Baseball America

2006 The Year In Quotes

We love the minor leagues–we really do. But when we look back on the 2006 season in the minors, the big stories are the ones with negatives attached.

Delmon Young’s infamous bat toss in April set the year’s tone, as Young was suspended for 50 games and became a national punch-line, while his Triple-A Durham club spiraled downward into a controversy-filled season that led to the postseason dismissal of its entire coaching staff.

Young’s bat was tossed at a replacement umpire, as the regular umps were on strike. Before the dispute with Minor League Baseball was settled in June, replacement umps compromised the integrity of the season and put players and coaches in jeopardy, as evidenced by an ugly fight-filled game between Jacksonville and Birmingham in the Double-A Southern League. After the third scuffle, Barons manager Chris Cron pulled his team from the field, forfeiting the game.

That’s not all that happened, we know. We saw Asheville manager Joe Mikulik’s tirade on YouTube.com too. But here’s hoping 2007 gives us better things to write about than 2006 did.

Slice O’ Life

“I told them they’d really gone a long way to plan this joke on me and they could stop whenever they wanted. I just thought the White Sox went a long way to bust my chops with this crank call. When they told me I was part of the Thome deal, I was completely speechless.”–Phillies lefthander Gio Gonzalez on being traded in the offseason.

“With a guy like that, you really need to work on body awareness and him being able to consistently repeat his delivery. But when I saw him, I couldn’t believe it. He stands head and shoulders above the rest of the guys. And yes, you can use that line.”–Twins farm director Jim Rantz on 7-foot-1 righthander righthander Loek Van Mil.

“I don’t know where that came from. I’m glad they were fastballs because that’s just about the only thing I can hit.”–Double-A West Tenn righthander Carlos Marmol, after going 3-for-3 at the plate with a pair of doubles and a homer.

“As far as knuckleballers, I look up to all of them. I look up to all of the guys who had some sort of success at the major league level, simply because it’s such a tough pitch to master. Needless to say, the success rate isn’t very good. But I look up to guys like Wilbur Wood, Charlie Hough, (Tim) Wakefield . . . It’s just such a rarity that it’s become something that’s kind of on the verge of extinction.”–White Sox knuckleballer Charlie Haeger on his role models.

“My God, that’s a pretty good week for some people. Heck, that’s a good two weeks . . . I don’t think there was anything he didn’t recognize last night.”–High Class A Dunedin pitching coach Darold Knowles on Blue Jays outfielder Ryan Patterson after he went 6-for-6 in a game in May against Vero Beach.

 ”People say you can hear it when it’s quiet enough, even from the stands. But it’s OK. It’s always been that way and it’s nothing to be worried about. I’m fine.”–Orioles righthander Radhames Liz on the clicking sound in his shoulder when he releases.

“The Angels really sold me on the fact that they were the professionals in the situation–they’re the ones that do this for a living. There was also a significant money offer on the table, which also made it hard to turn down.”–Angels 2004 14th-round pick Nick Adenhart on deciding to go pro over pitching at North Carolina.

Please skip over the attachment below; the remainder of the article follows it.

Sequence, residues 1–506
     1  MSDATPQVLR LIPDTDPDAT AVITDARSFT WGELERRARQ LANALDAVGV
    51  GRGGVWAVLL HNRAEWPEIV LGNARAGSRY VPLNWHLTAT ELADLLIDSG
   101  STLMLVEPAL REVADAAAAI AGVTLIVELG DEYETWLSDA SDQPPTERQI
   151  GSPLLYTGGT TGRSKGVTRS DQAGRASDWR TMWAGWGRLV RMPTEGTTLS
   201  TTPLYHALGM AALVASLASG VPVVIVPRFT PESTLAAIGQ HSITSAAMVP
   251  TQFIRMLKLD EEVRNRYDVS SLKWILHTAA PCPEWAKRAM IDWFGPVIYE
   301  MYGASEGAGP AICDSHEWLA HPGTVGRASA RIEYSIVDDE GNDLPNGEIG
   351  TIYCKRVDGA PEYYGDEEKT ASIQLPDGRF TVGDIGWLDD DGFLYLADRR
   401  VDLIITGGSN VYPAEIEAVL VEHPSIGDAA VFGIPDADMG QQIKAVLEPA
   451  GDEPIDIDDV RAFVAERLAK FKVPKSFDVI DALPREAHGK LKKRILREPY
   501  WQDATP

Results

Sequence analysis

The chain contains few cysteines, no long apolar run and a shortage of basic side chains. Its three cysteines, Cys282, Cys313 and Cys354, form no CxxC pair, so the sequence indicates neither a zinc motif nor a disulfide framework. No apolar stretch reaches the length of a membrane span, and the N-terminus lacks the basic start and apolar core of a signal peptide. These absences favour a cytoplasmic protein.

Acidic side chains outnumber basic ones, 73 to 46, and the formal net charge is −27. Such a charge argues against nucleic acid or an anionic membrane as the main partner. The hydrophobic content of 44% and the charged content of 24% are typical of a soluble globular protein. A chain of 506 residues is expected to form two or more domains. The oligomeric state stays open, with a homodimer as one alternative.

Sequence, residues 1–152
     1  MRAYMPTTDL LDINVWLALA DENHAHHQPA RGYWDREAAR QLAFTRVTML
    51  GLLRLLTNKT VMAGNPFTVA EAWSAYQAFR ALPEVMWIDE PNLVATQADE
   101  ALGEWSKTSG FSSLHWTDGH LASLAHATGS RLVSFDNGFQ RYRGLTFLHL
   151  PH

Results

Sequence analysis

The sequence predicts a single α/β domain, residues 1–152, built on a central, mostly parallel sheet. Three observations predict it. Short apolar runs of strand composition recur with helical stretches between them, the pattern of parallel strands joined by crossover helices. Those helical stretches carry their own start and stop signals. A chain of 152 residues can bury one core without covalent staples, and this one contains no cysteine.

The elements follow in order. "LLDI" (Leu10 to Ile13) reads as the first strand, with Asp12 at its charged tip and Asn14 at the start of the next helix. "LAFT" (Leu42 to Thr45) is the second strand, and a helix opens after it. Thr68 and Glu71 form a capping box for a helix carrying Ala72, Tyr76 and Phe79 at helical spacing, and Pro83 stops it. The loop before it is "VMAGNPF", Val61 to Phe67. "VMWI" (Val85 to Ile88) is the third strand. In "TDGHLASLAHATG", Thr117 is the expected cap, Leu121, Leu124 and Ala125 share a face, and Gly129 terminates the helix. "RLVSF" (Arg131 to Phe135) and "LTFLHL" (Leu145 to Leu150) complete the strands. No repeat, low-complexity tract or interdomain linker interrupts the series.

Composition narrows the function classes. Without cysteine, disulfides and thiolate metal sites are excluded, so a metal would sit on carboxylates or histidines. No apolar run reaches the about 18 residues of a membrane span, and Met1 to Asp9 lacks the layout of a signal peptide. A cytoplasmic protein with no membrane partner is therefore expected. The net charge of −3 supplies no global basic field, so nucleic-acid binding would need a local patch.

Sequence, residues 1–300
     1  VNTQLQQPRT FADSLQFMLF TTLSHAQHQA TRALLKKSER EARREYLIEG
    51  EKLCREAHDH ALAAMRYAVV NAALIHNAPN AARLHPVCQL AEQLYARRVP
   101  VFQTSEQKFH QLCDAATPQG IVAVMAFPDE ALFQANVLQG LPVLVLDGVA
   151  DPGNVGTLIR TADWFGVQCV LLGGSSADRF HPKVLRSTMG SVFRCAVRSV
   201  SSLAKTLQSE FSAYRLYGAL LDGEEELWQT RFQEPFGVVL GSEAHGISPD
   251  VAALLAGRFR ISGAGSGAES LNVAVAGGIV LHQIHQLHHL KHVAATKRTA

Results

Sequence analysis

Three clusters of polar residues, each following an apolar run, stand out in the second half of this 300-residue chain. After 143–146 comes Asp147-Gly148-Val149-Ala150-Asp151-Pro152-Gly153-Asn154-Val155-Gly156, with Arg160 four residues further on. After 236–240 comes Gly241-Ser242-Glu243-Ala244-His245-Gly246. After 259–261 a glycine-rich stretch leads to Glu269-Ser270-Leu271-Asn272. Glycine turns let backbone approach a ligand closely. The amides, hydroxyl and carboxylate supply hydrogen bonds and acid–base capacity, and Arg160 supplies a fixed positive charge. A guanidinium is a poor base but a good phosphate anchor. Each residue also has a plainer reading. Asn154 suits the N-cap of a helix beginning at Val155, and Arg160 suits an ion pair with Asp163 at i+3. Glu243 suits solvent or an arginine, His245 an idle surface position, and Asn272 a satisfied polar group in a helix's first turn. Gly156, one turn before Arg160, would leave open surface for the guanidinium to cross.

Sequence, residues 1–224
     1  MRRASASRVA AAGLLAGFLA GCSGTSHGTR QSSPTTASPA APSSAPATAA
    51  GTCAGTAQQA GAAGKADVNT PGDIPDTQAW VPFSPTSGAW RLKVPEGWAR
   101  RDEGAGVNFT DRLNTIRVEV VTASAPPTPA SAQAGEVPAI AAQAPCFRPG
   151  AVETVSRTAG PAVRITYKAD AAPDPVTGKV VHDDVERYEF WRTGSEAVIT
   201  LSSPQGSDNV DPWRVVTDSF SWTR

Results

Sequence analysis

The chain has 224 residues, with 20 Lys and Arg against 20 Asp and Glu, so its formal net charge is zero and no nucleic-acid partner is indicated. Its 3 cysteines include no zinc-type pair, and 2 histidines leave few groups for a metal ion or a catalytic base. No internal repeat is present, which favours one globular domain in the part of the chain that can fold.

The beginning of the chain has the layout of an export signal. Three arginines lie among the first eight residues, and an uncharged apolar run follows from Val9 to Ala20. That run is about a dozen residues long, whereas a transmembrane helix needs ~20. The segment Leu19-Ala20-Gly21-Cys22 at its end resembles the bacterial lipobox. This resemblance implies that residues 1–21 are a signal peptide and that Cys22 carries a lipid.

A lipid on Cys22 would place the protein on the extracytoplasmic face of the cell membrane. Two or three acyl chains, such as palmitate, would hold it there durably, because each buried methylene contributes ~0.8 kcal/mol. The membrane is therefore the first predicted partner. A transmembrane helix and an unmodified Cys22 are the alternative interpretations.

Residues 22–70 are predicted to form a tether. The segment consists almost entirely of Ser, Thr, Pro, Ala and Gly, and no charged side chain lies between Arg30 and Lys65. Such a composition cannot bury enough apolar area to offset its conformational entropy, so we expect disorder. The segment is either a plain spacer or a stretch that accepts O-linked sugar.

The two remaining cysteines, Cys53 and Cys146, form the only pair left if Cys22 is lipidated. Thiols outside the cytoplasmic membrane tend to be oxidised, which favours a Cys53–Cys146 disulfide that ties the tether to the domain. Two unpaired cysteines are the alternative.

“I would never have thought it possible. It’s pretty sweet. In a way, it was just another home run. You don’t want to show anybody up. He got me (with a strikeout in the third inning), and I got him. That’s baseball, part of the game. At the same time, he’s got seven Cy Young Awards, so I’ll always remember it.”–Low Class A Lake County outfielder Johnny Drennen on his homer against Roger Clemens.

“If I was striking out every single time, I’d probably be worried a little bit. But I’m doing my part, I’m getting runners over when I need to–balls are going to fall eventually, I guess.”–Braves catcher Jarrod Saltalamacchia on his struggles at the plate in 2006.

“We’re starting to get some reports on him that the swing plane has changed over the last year. What I remember when I managed against him three years ago, he was a pretty special creature. He’s got great makeup, he’s agile as a third baseman, he’s got good arm strength and he hits and he hits for power. There’s a lot of tools there, but he’s had some fundamental breakdowns in his game and we are fine-tuning those, getting him into our system and showing him what we expect from a major league player.”–Triple-A Buffalo manager Torey Lovullo on Indians third baseman Andy Marte.

“When you look at his career numbers, there’s nothing prior to this year to suggest he’d be playing like this. But he is playing like this.”–Angels GM Bill Stoneman after acquiring outfielder Terry Evans for righthander Jeff Weaver.

“Everybody looks up to Zack because of where Zack’s been. If you knew Zack, you would never know he had two years in the major leagues (with the Royals). He’s been very good lately. I think he’s really happy and having fun doing what he’s doing.”–Double-A Wichita pitching coach Larry Carter on righthander Zack Greinke.

“It’s like an oasis in the middle of a war zone, to be honest with you. You see these blocks of devastation, and then there’s this green field with kids playing on it.”–Delgado (La.) Community College head coach Joe Scheuermann on the field in New Orleans’ Orleans Parrish.

Stay Hot . . .